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albums
OMD, 'Joan of Arc' 7"  (1981)  ***½/T½

Joan of Arc
The Romance of the Telescope (unfinished)
OMD, 'Architecture & Morality'

Architecture & Morality  (1981,  38.47/61.24)  ***½/TT½ (TTT)

The New Stone Age
She's Leaving
Souvenir
Sealand
Joan of Arc
Joan of Arc (Maid of Orleans)
Architecture and Morality

Georgia
The Beginning and the End
[CD adds:
Extended Souvenir
Motion and Heart (Amazon Version)
Sacred Heart
The Romance of the Telescope
Navigation

Of All the Things We've Made
Gravity Never Failed]
OMD, 'Maid of Orleans' 12"  (1982)  ****½/TTT½

Maid of Orleans (the Waltz of Joan of Arc)

Of All the Things We've Made
Navigation
OMD, 'Dazzle Ships'

Dazzle Ships  (1983,  34.43/60.23)  ***½/TT

Radio Prague
Genetic Engineering
ABC Auto-Industry
Telegraph
This is Helena
International
Dazzle Ships (Parts II, III & VII)
The Romance of the Telescope
Silent Running
Radio Waves
Time Zones
Of All the Things We've Made
[CD adds:
Telegraph (Manor version 1981)
4-Neu
Genetic Engineering (312MM version)
66 and Fading
Telegraph (extended version)
Swiss Radio International]
OMD, 'Navigation'

Navigation: The OMD B-Sides  (2001, recorded 1979-91,  73.01)  ***½/T½

Almost
I Betray My Friends
Waiting for the Man
Annex
Sacred Heart
The Romance of the Telescope
Navigation

4-Neu
66 & Fading (edit)
Her Body in My Soul
The Avenue
Garden City
Concrete Hands
Firegun
This Town
Gravity Never Failed
Burning
Sugar Tax
(The Angels Keep Turning) the Wheels of the Universe

Current availability:

Mellotrons used:

Orchestral Manoeuvres in the Dark. A ludicrously pretentious name for a band, thankfully usually shortened to 'OMD'; even the band later dropped the 'in the Dark' bit, although the damage had been done by then. I remember liking their synth-pop classic Enola Gay at the time, though I never really heard anything much more by them until recently. What had passed me by was their rather major Mellotron/Novatron use on their third and fourth albums from the early '80s. Paul Humphreys and Andy McCluskey both played 'Tron, along with just about everything else, which sort of makes them a synth-pop duo, I suppose, though they broke out of that particular mould pretty early on. Incidentally, I'm amused to see that they were managed by 'Gordian' Troeller, Peter Hammill associate extraordinaire.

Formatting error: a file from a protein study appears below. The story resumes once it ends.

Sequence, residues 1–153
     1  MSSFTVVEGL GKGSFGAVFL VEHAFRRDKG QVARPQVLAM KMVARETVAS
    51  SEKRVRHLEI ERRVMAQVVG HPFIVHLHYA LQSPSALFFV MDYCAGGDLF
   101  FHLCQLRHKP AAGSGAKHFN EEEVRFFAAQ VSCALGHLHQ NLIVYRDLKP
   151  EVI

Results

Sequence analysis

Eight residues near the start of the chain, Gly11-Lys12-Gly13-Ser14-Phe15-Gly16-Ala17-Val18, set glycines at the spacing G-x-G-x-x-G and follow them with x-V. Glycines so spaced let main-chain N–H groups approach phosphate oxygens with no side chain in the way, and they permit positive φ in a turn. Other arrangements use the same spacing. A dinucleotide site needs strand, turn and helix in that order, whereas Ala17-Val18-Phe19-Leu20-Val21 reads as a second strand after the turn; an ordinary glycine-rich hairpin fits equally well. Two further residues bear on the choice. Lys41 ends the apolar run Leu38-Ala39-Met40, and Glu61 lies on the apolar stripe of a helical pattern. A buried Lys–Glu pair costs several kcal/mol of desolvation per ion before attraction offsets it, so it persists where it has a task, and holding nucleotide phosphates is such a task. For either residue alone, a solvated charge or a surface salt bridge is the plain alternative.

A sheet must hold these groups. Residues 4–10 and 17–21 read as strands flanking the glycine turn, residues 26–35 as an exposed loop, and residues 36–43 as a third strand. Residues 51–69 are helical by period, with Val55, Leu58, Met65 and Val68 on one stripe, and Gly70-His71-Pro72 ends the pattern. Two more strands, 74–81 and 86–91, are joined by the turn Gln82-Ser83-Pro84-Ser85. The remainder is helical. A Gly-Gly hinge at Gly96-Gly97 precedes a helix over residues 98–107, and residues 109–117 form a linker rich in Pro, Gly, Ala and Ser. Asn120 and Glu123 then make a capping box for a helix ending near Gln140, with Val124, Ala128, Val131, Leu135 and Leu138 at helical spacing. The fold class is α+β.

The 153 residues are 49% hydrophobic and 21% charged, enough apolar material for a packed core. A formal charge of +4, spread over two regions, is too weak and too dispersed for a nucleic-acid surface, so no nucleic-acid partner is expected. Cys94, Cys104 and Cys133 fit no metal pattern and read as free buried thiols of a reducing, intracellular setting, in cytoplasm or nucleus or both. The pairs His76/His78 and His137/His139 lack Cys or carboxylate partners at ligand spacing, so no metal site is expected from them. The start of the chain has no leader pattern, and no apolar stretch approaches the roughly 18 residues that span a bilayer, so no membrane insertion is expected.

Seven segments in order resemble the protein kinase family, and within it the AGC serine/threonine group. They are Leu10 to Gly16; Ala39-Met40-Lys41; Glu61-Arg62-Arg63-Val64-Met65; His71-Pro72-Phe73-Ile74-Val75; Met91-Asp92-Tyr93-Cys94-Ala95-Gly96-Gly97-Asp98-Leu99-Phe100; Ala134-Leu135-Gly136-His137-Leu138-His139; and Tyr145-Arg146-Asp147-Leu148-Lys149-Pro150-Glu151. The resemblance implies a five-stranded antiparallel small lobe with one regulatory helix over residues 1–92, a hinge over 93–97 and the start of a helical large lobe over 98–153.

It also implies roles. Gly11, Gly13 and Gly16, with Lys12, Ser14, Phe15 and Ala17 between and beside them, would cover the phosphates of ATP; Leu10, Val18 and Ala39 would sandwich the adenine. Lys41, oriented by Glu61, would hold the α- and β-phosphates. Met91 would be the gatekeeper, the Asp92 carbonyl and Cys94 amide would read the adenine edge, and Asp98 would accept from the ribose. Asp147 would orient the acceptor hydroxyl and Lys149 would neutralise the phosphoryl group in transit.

Architecture & Morality's the album that laid bare the duo's Joan of Arc fixation, with two songs named after her (thank God for subtitles, eh?!), both of which, startlingly, were UK hit singles. Its drum machine/synth sound is sadly dated these days, though there's all sorts of interesting keyboards in there to spice things up a bit; Farfisa, anyone? (Or is it a Vox?). The most memorable tracks tend to be the singles, with Souvenir featuring a nagging/irritating (delete according to taste) synth hook, making it their biggest UK hit. I can only definitely hear Mellotron on three tracks, which isn't to say it isn't hidden away elsewhere, too. The lengthy Sealand has 'Tron cellos, while the excellent Joan Of Arc (Maid Of Orleans) (the single was titled Maid Of Orleans (The Waltz Joan Of Arc), presumably to distinguish it from the other track, released three months earlier) has not only female voices (?), but a highly distinctive high string melody, making it one of the most 'Tron-heavy singles ever, I reckon. To finish things off, the title track opens with mixed choir chords which reiterate throughout the song. It's possible there are other bits that I'm missing; I don't know what produces the high female voice in The Beginning And The End (a high female voice, perhaps?), but it may well be the MkI Emulator they were using at the time.

Both Joan of Arc singles features Mellotron on their flips, Joan Of Arc having an early version of Romance Of The Telescope, complete with choirs, while Maid Of Orleans is backed with Navigation (which has also lent its title to a recent-ish compilation of b-sides), with some very upfront strings. In 2003, Virgin finally released an expanded version of the album, containing various b-sides and the like, both tracks included, also available on the aforementioned Navigation.

Dazzle Ships is far more experimental than its predecessors and, for that matter, its successors (the title, by the way, refers to a British experiment at camouflaging naval vessels). They used various non-standard equipment, including a Speak-and-Spell toy, a shortwave radio and a typewriter, although the results (ABC Auto-Industry, Dazzle Ships itself) sometimes sit awkwardly alongside the more mainstream tracks (Genetic Engineering and Telegraph were both hits). On the Novatron front, again, I can only hear three tracks, as I believe some of the murkier choir sounds are Emulator, with both being used on The Romance Of The Telescope. As for the others, International has some 'stabbed' string chords running through it, while Silent Running (title inspired by, but nothing to do with the film) has layered string chords alongside various contemporary synths. Incidentally, none of the six bonus tracks on the expanded CD feature any Mellotron.